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Transforming growth factor β (TGFβ) signaling has been shown to promote myocardial fibrosis and remodeling with coronary artery disease (CAD), and previous studies demonstrate a major role for fibrosis in the initiation of malignant ventricular arrhythmias (VA) and sudden cardiac arrest (SCA). Common single nucleotide polymorphisms (SNPs) in TGFß pathway genes may be associated with SCA.
We examined the association of common SNPs among 12 candidate genes in the TGFß pathway with the risk of SCA.
SNPs (n=617) were genotyped in a case-control study comparing 89 patients with CAD and SCA due to VA to 520 healthy controls.
Nineteen SNPs among 5 genes (TGFB2, TGFBR2, SMAD1, SMAD3, SMAD6) were associated with SCA after adjustment for age and sex. After permutation analysis to account for multiple testing, a single SNP in TGFBR2 (rs9838682) was associated with SCA (OR = 1.66, 95% CI = 1.08-2.54, p=0.02).
We demonstrate an association between a common TGFBR2 polymorphism and risk of SCA due to VA in the setting of CAD. If validated, these findings support the role of genetic variation in TGFß signaling in SCA susceptibility.
Sudden cardiac arrest (SCA) remains a major public health problem, accounting for up to 450,000 deaths per year in the U.S.1 Previous studies suggest that approximately 80% of sudden cardiac deaths (SCD) occur in the setting of coronary artery disease (CAD).2 Ventricular tachycardia (VT) or ventricular fibrillation (VF) is the initiating event in the majority of SCA cases.3 Ejection fraction (EF) remains the only major criterion to stratify patients for risk of SCD and implantable cardioverterdefibrillator (ICD) implantation, but this strategy alone is insensitive and nonspecific.4 Genetic susceptibility to SCA in the setting of CAD is supported by several epidemiologic studies demonstrating that a family history of SCD is an independent risk factor for SCD and primary VF.5, 6, 7
Transforming growth factor ß (TGFß) is a potent profibrotic cytokine. Three structurally similar isoforms (TGF-ß1, ß2, and ß3) encoded by three distinct genes transduce their signal through combinations of transmembrane type I and type II receptors (TGFBR1and TGFBR2) and their downstream effectors, the SMAD proteins.8, 9 TGFß is expressed at high levels in the heart during embryonic development and adult life, localizing in both cardiomyocytes and the extracellular matrix.10 TGFß2 knockout mice exhibit perinatal mortality and a wide range of developmental, including cardiac, defects.11 Regulatory mutations in the TGFß3 gene cause arrhythmogenic right ventricular cardiomyopathy, an autosomal dominant clinical syndrome of ventricular arrhythmias, SCD, and fibrofatty replacement of the right ventricle.12 Members of the TGFß family are markedly induced in infarcted myocardium and play a central role in infarct healing, cardiac repair, and left ventricular remodeling through mechanisms of cardiomyocyte growth, fibroblast activation, and extracellular matrix deposition.13 Although these basic and genetic studies suggest a central role for the TGFß signaling pathway in ischemic remodeling, genetic variation in members of the pathway have not been investigated for association with risk of ventricular arrhythmias and SCA in the setting of CAD.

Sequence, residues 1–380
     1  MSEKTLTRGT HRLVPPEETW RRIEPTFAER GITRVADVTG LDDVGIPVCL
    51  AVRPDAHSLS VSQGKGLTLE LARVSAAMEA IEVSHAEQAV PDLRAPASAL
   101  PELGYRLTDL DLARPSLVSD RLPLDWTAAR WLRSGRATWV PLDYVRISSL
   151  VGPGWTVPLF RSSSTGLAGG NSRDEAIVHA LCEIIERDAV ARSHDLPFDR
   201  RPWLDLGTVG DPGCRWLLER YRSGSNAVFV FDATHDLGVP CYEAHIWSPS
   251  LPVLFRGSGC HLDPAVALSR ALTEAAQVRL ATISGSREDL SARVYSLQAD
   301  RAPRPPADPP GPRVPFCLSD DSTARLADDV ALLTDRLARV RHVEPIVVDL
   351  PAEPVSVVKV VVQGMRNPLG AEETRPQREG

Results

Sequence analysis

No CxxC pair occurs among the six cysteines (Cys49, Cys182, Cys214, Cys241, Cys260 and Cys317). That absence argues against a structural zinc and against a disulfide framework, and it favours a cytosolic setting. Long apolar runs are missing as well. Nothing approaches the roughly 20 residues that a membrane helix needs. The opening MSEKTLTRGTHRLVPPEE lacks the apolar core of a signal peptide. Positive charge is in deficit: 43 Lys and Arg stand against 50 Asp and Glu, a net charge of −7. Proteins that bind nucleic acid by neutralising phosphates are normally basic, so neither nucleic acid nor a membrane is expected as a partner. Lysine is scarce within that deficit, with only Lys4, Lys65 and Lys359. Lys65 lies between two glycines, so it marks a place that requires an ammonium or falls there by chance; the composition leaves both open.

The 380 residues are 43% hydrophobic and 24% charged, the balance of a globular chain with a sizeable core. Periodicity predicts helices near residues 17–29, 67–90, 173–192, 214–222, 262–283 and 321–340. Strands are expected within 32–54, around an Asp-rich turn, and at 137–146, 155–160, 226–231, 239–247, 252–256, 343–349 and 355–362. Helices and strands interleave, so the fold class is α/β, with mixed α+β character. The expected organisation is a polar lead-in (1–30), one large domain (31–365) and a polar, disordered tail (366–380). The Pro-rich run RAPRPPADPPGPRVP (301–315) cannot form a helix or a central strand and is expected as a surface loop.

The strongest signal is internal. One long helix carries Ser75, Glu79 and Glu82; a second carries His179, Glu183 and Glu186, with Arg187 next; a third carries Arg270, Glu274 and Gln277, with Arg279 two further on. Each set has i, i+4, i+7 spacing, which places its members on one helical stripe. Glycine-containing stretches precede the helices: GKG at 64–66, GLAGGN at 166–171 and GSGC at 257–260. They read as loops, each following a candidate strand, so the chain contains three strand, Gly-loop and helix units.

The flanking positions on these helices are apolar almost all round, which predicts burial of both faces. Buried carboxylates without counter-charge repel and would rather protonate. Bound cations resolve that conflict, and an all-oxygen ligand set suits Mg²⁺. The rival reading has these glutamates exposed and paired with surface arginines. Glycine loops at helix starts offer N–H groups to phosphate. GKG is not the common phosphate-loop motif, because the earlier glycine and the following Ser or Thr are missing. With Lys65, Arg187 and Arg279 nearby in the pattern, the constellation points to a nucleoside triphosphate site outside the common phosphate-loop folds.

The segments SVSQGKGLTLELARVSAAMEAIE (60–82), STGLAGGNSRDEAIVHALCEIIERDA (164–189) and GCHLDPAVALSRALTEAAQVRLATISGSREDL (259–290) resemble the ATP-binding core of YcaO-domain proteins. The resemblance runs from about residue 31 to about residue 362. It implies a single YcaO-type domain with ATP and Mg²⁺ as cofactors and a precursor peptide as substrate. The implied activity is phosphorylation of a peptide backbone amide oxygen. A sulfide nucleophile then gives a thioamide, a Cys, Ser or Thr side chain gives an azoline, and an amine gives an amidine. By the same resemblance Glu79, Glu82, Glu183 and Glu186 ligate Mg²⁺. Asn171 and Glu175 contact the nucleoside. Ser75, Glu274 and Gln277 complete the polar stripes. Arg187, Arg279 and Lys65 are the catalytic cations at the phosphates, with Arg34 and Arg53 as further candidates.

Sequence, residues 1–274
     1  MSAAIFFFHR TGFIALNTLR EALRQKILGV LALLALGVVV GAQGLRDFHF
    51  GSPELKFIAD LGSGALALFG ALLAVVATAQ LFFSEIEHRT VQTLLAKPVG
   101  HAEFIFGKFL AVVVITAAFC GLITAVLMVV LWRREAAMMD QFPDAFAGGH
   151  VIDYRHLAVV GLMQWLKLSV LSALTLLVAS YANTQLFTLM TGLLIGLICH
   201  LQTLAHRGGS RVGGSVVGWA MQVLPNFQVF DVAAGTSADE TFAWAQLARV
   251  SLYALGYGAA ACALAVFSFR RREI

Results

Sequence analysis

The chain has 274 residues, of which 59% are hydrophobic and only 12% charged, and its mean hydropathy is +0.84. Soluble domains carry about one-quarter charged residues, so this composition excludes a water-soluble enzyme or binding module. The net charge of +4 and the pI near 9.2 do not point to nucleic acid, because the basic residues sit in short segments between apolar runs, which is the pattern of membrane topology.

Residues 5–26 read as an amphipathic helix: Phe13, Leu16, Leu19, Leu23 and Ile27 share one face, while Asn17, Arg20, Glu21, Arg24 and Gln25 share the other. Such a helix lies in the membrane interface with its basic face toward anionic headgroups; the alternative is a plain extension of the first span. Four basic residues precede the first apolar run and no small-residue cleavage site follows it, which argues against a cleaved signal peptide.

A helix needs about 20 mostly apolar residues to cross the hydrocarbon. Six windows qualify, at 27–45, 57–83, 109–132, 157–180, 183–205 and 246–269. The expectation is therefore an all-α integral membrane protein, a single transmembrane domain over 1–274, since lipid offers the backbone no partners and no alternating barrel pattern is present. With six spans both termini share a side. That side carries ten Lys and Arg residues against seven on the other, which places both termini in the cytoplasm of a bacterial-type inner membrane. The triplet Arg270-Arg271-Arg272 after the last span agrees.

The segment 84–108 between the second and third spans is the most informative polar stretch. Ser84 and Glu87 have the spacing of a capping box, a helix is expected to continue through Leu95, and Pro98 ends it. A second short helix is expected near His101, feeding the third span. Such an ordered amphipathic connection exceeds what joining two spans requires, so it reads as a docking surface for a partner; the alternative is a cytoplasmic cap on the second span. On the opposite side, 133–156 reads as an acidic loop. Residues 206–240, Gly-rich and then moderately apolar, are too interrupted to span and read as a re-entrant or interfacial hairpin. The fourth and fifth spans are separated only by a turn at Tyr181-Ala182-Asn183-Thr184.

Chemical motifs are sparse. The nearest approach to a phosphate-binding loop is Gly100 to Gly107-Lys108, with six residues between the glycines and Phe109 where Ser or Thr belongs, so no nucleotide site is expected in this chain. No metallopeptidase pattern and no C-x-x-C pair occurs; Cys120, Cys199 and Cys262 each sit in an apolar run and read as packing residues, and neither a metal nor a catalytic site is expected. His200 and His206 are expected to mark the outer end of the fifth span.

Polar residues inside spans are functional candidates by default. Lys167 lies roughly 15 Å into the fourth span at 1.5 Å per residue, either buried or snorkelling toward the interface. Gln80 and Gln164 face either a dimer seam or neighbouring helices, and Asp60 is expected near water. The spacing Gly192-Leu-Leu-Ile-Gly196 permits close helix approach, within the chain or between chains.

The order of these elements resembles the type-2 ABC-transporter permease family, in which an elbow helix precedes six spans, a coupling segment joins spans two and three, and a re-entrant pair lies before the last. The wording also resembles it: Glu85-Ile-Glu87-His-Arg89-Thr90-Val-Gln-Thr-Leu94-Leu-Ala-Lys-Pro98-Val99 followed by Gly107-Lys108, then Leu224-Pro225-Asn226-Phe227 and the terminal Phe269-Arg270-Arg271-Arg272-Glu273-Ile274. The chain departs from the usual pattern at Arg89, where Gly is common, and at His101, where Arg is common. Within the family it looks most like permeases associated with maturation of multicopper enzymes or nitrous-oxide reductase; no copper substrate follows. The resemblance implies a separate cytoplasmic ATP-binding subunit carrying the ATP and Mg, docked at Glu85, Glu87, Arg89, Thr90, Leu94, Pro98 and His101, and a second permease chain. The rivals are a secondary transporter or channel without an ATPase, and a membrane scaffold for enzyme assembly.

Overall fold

We examined the potential role of polymorphisms in 12 genes in the TGFß signaling pathway in a group of patients with a history of myocardial infarction (MI) and aborted SCD with documented VT/VF compared to three healthy control groups without SCA or ventricular arrhythmias.
The UCSF Committee on Human Research approved all protocols. Informed consent was obtained from all participants for DNA isolation and plasma collection.
Consecutive cases of SCA presenting to UCSF Medical Center Emergency Department or inpatient cases of SCA at UCSF Medical Center between January 2000 and June 2008 were screened. SCA was defined as a cardiac arrest with documented sustained monomorphic VT or VF requiring cardioversion or defibrillation, exclusive of torsades de pointes (drug-induced QT prolongation or otherwise). Because we were interested in the most common phenotype of SCA, that occurring in the setting of CAD, only patients with a history of MI were included in this study. Although all SCA cases had a history of MI, thirty-six SCA cases occurred in the setting of acute ischemia while 53 SCA cases occurred in the absence of active ischemia. Thus, SCA cases consisted of 89 Caucasian non-Hispanic patients with aborted SCD and a history of MI.
The control population originated from three resources.14 These were randomly selected, healthy Caucasian controls without specific information regarding CAD. Recent large genome-wide association studies using shared controls of this type have met with success.14-16 Sixty unrelated controls employed by the International HapMap Project (http://www.HapMap.org) were selected from the Coriell Institute for Medical Research (http://ccr.coriell.org) Human Genetic Data Collection (sample identifiers are available on request). 216 healthy Caucasian controls were derived from a large genome wide association study of narcolepsy.14 The remaining 244 controls were healthy Caucasian renal transplant donors from an ongoing study of the genomics of renal tranplantation (NIH U19 AI063603). Informed consent was obtained from all participants. Protocols were approved by the local institution review boards at all participating institutions.